Marketers find ethnography a suitable approach in their day to day activities because of the many privileges they gain by employing the mechanism. Moisander and Valtonen (2012) assert that besides the basic features of ethnographic research, the approach may entail employing a number of visual research styles, such as video recording and taking photos, and acquiring material cultural artifacts such as business cards, flyers, brochures, newspapers, or newsletters to acquire detailed information about a target market or any other setting from multiple views. The study of visual creations and qualities that appeal to the eye is vital because visual representation is not only vital because it is a feature of the current Western consumers, but also because visual arrangements and visible objects of all forms carry significant meanings in the marketplace. Moisander and Valtonen (2012) also mention that buyers always acquire lessons and meanings from these visible objects when they engage and interact with them on regular basis. For marketers, therefore, it is essential to understand visual representations and their meanings that can be appealing to consumers such as brand logos and package designs by the potential buyers of the business’ target markets. Other that production of new products, ethnography and its approaches provide valuable insight about brand meaning. Moisander and Valtonen (2012) argue that ethnographic approaches are appropriate for discovering how people utilize brand meaning not only to establish their identities, but also to formulate communities such as The Harley Owners Group and the Holiday Rambler Recreational Vehicle Club among others. Ultimately, marketers develop products and services that would suit the buyers without speculating about their needs and desires. The success many companies have witnessed in their application of ethnography is motivational and enough proof that the methodological approach can be suited to answer SC research questions.


Even though ethnographic research appears to be a suitable tool for acquiring insight that would help improve SC, users must be keen on the possible limitations that could derail their effort to achieve the desired outcomes. One of the demerits associated with ethnographic research is it requires a lot of time and require the intervention of a well-trained researcher. Usually the investigator must spend a lot of time building trust with informants to establish a honest and sincere discourse, which make it difficult to carry out short-term studies because of the time constraints (Nurani, 2008). The other problem associated with ethnographic study in addressing strategic communication research questions is biasness on the part of the researcher, which can tamper with both the study design and gathering and interpretation of data (Nurani, 2008). Many scholars criticize ethnographic research as a field study from a specific settings so that the outcome might only be suitable or applicable for that particular setting, thus making it impossible to generalize the outcomes of the ethnographic research. The most suitable way to overcome the constraint, Nurani (2008) explains, is to apply procedure to uplift the external validities such as variations of the research contexts and multi-channel studies. It is also of significance for the investigators to understand that while carrying out studies, participants may be tempted to present the ideal behaviors or tell the data collector what they believe the surveyor would want to hear. Whereas the demerit can affect the attempts to offer a precise description, it usually develops at the initial phases of the interaction (Nurani, 2008). The researchers can avoid the challenge by not readily accepting the validity of the first impression, and not to treat the participants as research subjects but like other people in the society.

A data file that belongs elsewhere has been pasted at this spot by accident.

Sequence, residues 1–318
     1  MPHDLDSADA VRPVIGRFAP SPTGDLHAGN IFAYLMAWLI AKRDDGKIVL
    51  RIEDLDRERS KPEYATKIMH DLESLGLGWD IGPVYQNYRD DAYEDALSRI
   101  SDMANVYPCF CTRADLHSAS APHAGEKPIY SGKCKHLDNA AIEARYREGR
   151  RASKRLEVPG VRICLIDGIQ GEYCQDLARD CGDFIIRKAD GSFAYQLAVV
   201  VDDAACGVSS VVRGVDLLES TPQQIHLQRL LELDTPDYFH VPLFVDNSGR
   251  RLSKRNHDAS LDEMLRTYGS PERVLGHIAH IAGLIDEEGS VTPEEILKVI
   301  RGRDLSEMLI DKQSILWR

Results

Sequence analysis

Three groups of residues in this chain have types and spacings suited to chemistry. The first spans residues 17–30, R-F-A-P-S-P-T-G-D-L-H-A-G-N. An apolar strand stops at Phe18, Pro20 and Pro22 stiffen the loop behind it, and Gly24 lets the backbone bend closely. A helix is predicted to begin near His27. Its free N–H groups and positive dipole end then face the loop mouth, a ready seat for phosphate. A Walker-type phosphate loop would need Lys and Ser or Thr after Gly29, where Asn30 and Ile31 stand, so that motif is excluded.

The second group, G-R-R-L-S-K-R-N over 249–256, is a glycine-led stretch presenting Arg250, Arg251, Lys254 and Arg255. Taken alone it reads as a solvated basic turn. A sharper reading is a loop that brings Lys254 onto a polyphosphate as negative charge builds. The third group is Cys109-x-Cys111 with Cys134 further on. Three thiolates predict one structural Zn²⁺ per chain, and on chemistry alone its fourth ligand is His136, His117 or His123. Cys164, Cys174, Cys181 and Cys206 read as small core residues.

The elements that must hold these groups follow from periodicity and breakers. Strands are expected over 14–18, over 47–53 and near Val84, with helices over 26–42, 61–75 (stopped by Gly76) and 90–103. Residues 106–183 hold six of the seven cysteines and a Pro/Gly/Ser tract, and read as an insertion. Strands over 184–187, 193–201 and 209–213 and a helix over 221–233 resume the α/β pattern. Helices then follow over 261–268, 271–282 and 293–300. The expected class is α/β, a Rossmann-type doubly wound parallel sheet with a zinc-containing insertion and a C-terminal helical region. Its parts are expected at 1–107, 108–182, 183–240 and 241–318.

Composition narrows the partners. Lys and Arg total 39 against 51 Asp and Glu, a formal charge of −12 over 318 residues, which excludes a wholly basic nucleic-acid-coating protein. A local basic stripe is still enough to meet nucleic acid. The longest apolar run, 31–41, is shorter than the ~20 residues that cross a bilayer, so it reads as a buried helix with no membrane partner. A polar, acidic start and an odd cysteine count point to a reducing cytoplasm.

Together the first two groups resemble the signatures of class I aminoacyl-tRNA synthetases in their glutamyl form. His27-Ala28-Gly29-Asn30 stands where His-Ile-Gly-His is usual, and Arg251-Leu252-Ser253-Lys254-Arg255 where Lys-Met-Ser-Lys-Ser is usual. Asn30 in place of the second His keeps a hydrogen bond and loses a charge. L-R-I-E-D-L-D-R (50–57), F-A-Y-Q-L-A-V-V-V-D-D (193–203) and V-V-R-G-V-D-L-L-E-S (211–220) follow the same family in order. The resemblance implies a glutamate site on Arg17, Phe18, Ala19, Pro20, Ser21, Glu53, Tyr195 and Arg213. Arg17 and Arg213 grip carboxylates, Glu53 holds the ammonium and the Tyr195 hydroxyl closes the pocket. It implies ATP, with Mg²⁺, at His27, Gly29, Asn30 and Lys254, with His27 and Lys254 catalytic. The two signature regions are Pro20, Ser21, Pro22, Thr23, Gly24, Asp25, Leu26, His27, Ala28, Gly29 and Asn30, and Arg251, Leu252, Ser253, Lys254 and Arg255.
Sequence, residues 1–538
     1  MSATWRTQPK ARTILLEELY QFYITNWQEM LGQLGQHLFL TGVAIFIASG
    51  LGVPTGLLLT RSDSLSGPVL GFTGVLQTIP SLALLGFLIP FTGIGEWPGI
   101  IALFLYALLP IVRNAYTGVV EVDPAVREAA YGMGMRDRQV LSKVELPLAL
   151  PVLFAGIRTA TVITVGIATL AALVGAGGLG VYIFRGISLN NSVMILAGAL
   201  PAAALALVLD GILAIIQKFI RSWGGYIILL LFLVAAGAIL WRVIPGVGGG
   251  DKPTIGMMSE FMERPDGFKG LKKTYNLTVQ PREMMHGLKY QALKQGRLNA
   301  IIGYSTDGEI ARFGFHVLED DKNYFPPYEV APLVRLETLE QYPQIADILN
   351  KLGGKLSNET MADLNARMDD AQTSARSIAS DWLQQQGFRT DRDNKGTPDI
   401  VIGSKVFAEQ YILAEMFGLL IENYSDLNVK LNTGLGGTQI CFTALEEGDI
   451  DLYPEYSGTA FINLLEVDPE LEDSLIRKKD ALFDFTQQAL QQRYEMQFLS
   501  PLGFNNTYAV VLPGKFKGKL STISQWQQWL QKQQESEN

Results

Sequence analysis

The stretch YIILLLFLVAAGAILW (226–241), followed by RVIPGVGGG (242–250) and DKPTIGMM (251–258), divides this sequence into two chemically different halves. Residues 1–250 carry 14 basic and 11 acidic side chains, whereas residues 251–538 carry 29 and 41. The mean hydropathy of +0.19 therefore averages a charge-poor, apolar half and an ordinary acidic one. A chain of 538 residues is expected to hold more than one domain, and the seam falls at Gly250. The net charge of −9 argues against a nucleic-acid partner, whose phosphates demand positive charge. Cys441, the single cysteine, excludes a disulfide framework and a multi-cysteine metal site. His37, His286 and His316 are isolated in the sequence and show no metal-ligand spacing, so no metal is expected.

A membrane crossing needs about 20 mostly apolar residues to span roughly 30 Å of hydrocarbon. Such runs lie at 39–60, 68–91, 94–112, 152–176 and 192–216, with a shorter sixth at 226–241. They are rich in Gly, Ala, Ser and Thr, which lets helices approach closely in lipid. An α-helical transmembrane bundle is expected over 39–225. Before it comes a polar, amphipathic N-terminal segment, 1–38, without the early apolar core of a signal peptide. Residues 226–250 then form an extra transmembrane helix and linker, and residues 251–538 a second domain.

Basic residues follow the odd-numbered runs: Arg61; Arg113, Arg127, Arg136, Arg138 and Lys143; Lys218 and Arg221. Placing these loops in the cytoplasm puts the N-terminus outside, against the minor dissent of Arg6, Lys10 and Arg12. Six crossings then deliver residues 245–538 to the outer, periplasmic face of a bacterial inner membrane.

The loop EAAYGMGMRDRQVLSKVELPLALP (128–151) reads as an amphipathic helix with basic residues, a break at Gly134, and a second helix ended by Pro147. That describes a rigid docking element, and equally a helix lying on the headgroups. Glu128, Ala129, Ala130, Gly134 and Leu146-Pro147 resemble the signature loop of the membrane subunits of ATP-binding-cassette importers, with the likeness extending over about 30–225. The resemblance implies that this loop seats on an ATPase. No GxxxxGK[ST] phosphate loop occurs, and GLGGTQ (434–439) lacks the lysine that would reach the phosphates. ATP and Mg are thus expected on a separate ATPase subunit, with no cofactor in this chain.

Despite the constraints of the ethnographic style, it yields substantial gains for research in naturalistic settings that vary in nature. The primary merit of ethnography, and which makes it appealing to users is its observational approach that permits researchers to record the behaviors as they happen (Nurani, 2008). The style also uncovers and explicitly describes the social phenomena in a community, and offers the chance to understand the aspect from the perspective of those under investigation, thus the outcome is more real than a study that manipulates variables by employing external tests and experiments (Nurani, 2008).


The study looks into the suitable methodological approach that would help to conduct SC research in the most effective manner. The research proposes the use of qualitative approach, and specifically employs ethnographic study, which offers more suitable opportunity to understand how thing work in the field or a natural setting. Investigators in a SC research are likely to understand the real issues or requirements their target audience would want to hear by spending much time with them and learning how they react to certain things such as nutrition, product, or any other factor. Being conversant with the population as much as possible would help to develop a communication plan that meets the desires of every audience, and which is not based on speculation such that it encounters a lot of opposition or challenges during its delivery. The analysis presents examples of where ethnographic study has yielded positive outcome in developing works that impact on a large population, and uses these to show how much the approach is suitable in addressing the relevant SC research questions. The report also reminds groups aspiring to employ ethnography to not only focus on the positive effects of the methodological approach, but to consider the limitations as well. Some of the deficiencies associated with using ethnographic research in SC research include the use of a lot of time, setting-specific outcome, and biasness that could affect data generation and interpretation.